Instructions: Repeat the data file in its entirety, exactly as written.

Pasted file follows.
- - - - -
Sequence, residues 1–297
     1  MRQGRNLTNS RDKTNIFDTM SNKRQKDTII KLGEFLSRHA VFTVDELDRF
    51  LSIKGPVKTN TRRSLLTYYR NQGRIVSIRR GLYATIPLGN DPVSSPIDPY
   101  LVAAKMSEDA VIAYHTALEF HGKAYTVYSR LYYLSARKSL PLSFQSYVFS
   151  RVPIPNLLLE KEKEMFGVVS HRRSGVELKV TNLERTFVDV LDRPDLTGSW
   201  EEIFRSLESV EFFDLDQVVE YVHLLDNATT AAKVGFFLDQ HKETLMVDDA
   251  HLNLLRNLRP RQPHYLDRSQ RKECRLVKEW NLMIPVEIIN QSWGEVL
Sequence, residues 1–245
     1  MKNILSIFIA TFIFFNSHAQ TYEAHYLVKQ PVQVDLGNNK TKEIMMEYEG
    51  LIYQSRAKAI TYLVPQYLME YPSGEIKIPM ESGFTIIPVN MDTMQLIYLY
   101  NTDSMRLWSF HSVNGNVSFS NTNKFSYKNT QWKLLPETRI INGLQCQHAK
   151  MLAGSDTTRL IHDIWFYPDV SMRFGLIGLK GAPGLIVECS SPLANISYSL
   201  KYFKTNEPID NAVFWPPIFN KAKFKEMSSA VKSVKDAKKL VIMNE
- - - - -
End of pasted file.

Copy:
Sequence, residues 1–297
     1  MRQGRNLTNS RDKTNIFDTM SNKRQKDTII KLGEFLSRHA VFTVDELDRF
    51  LSIKGPVKTN TRRSLLTYYR NQGRIVSIRR GLYATIPLGN DPVSSPIDPY
   101  LVAAKMSEDA VIAYHTALEF HGKAYTVYSR LYYLSARKSL PLSFQSYVFS
   151  RVPIPNLLLE KEKEMFGVVS HRRSGVELKV TNLERTFVDV LDRPDLTGSW
   201  EEIFRSLESV EFFDLDQVVE YVHLLDNATT AAKVGFFLDQ HKETLMVDDA
   251  HLNLLRNLRP RQPHYLDRSQ RKECRLVKEW NLMIPVEIIN QSWGEVL
Sequence, residues 1–245
     1  MKNILSIFIA TFIFFNSHAQ TYEAHYLVKQ PVQVDLGNNK TKEIMMEYEG
    51  LIYQSRAKAI TYLVPQYLME YPSGEIKIPM ESGFTIIPVN MDTMQLIYLY
   101  NTDSMRLWSF HSVNGNVSFS NTNKFSYKNT QWKLLPETRI INGLQCQHAK
   151  MLAGSDTTRL IHDIWFYPDV SMRFGLIGLK GAPGLIVECS SPLANISYSL
   201  KYFKTNEPID NAVFWPPIFN KAKFKEMSSA VKSVKDAKKL VIMNE